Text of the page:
Saturday, May 31, 2014

A follow up with Dr. Blotter

Today we went back to visit with our ENT.  The appointment was scheduled as a follow up to B's prick allergy test last week and discuss the CF test/Immunologist appointment.

When Dr. Blotter first came in and asked how we were doing I just looked at him and said, point blank, "Please.  Do not EVER send anyone back to that immunologist.  Ever again."  He looked at me kind of surprised and said, "Really?  That bad huh?"  I proceeded to tell him that Dr. Firszt was the more arrogant, rude person I had met in a very long time.  I told him about how he was so rude about the food allergy testing, etc.  Dr. Blotter said he had only ever had to send a handful of people to immunology over the years and he hadn't ever gotten a bad report.  He did however have a friend that's a nurse at LRH that took her daughter to Dr. Firszt on his referral and she didn't care much for him either.  I told him if she was treated the way I was I don't blame her a bit!  He told me he was glad to get that feedback and would keep that in mind in the future.  Hopefully I saved someone a very aggravating experience.

Dr. Blotter checked both of B's ears.  In her left ear she has one tube open but the other is blocked.  Both tubes in her right ear are blocked.  However, even with 3 of her 4 tubes being blocked her ear drums aren't bulging.  Which happens to be a VERY big deal for little sister because her ear drums are ALWAYS bulging.  I told Dr. Blotter that since we had taken her off of all dairy that she has shown huge improvements - the perpetual rattle in  her chest is all but gone.  After looked in her ears he agreed that she has made huge progress.  Yay!

So, we have a couple options now.

Option #1:
Allegra, singular, continue strict no dairy diet, special drops under her tongue (explanation in a second)

Option #2:
Allegra, singular, continue strict no dairy diet, remove malfunctioning tubes, place new tubes in ears

Let me explain the drops.  I asked Dr. Blotter if B was a candidate for allergy shots.  I assumed that's what they would do since she had reactions to so many airborne.  He told me that right now she's too young so she's not a candidate for shots.  Apparently, in Europe, most people don't do allergy shots, rather they do this drop under their tongue.  This drop is a special mixture that acts like allergy shots.  Dr. Blotter said he believes that B will have a better response to it, it helps with some food allergies and it's safer for B than an allergy shot.  Here's the kicker.  The FDA hasn't approved the drops in America.  This means that they aren't covered by insurance and cost roughly $1,200/yr.  I'm assuming that he has other patients that do or have done them because he said that they have them made special at their lab.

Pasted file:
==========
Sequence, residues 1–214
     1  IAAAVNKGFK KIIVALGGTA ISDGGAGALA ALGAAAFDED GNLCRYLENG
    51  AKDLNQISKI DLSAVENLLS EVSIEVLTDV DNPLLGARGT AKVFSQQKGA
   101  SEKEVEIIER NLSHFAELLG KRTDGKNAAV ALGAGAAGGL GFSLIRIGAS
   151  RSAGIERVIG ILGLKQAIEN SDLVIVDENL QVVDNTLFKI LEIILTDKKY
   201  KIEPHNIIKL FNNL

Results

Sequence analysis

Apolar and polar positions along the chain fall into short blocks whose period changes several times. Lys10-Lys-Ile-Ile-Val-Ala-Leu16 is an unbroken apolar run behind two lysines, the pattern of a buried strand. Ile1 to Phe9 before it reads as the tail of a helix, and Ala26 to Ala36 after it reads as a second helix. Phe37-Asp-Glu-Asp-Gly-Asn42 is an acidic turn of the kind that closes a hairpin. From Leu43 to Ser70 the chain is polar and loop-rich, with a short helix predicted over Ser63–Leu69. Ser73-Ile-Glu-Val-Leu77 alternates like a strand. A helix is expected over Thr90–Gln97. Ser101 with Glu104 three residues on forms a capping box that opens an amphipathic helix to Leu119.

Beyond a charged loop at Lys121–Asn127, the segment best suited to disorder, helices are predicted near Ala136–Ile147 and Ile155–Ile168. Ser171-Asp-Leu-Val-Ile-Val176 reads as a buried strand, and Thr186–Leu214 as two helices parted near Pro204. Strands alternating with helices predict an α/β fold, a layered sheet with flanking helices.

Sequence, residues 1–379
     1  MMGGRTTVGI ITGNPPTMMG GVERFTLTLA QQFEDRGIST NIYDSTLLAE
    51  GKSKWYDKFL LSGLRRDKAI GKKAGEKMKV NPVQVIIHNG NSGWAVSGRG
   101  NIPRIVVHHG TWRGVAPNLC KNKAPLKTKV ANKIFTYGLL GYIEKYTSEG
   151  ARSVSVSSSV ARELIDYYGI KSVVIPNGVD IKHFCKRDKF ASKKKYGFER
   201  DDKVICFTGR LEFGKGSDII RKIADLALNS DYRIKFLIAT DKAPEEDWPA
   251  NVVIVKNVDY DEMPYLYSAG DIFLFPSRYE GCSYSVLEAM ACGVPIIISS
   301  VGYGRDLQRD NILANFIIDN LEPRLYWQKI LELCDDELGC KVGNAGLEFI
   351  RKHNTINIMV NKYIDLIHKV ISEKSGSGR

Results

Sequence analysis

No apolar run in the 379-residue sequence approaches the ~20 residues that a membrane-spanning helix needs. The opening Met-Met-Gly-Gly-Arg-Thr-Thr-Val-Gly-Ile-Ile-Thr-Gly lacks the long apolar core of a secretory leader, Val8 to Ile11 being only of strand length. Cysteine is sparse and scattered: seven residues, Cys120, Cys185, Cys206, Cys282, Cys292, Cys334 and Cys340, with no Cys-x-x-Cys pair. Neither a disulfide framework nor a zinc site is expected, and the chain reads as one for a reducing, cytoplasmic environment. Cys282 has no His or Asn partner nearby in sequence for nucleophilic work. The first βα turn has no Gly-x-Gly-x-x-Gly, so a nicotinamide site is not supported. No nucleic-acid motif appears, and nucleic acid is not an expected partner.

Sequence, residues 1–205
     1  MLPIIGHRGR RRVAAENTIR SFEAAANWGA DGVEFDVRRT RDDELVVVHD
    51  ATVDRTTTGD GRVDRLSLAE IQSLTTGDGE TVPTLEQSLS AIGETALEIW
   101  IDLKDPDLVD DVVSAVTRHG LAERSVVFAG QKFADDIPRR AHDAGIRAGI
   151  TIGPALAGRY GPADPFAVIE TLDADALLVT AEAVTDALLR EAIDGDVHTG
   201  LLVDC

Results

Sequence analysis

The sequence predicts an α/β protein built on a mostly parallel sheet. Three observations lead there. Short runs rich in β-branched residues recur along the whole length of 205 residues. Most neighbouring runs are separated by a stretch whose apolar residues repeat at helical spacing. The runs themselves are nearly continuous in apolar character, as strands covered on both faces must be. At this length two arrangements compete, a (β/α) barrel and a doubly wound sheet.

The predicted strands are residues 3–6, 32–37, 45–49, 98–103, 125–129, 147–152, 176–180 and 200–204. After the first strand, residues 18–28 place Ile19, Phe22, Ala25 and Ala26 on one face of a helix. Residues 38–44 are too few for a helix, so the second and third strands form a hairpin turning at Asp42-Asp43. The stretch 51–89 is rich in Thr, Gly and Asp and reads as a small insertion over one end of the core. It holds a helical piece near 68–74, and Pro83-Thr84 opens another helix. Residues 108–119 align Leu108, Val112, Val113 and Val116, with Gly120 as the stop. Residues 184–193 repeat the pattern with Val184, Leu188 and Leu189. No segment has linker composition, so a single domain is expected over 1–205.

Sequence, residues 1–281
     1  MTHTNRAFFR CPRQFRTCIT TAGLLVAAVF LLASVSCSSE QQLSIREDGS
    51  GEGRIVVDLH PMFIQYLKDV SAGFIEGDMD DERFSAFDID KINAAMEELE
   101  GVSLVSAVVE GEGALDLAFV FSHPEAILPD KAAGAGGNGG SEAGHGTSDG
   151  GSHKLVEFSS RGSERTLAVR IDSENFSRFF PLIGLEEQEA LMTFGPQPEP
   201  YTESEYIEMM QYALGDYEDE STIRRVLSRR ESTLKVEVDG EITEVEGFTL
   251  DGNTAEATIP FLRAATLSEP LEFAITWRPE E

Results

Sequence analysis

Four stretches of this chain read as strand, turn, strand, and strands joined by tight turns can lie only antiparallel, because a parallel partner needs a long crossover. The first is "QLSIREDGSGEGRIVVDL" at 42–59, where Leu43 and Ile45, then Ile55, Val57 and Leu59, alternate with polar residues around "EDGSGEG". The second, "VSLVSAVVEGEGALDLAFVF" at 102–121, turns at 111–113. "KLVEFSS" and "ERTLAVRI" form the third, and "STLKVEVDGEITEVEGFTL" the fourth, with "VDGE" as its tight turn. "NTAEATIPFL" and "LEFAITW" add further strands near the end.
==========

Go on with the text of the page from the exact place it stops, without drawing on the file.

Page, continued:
And this folks, is why I LOVE my ENT and won't go anywhere else.
After thinking about our options, Dr. Blotter says to me, "You know what?  I'm going to make you a deal.  I will PERSONALLY pay for the drops for her if you will use them."  I told him I'm willing to try about anything with this child of mine.  He looked at me and said, "Ok.  I'll get the drops ordered."

Option #3:
The other option we have on the table right now is a little scary of an option but still one to consider.  This option is called a mastoidectomy.  According to the website medline plus: A mastoidectomy is surgery to remove cells in the hollow, air-filled spaces in the skull behind the ear. These cells are called mastoid air cells.  The way Dr. Blotter explained this to me is that they cut an opening behind the ear and go in and cut out a section of bone in or near the middle ear.  This surgery is a 2 1/2 hr surgery.  It is an outpatient surgery and they do have to put a compression wrap on after surgery for 24 hrs.  This option, however, is a much more permanent solution than yet another set of tubes.  I asked Dr. Blotter what would push us from yet another set of tubes to a mastoidectomy.  He said that if B has chronic ear infections or blocked tubes this winter that that is the route he would suggest rather than put another set of tubes in.  

Dr. Blotter did say that doing a mastoidectomy on a child is rare.  Doing a double mastoidectomy on a child is even more rare.  Apparently they do these an adults with chronic ear problems rather regularly, they just generally don't have kids like mine come across too often because tubes generally work for kids!

So, right now we are doing option #1.  We will begin a daily dose of allegra and singular,  We will continue to stick to a very STRICT no dairy diet and we will begin the special drops as soon as they are ready.  We did get word back from PCH that the CF test was negative (as we figured it would be) so that's great news.  We are still waiting on test results from Dr. Firszt's office so we are still playing a waiting game.  We did schedule a follow up for 6 weeks from now to check and see how things are going so hopefully we will get more good news at that visit!

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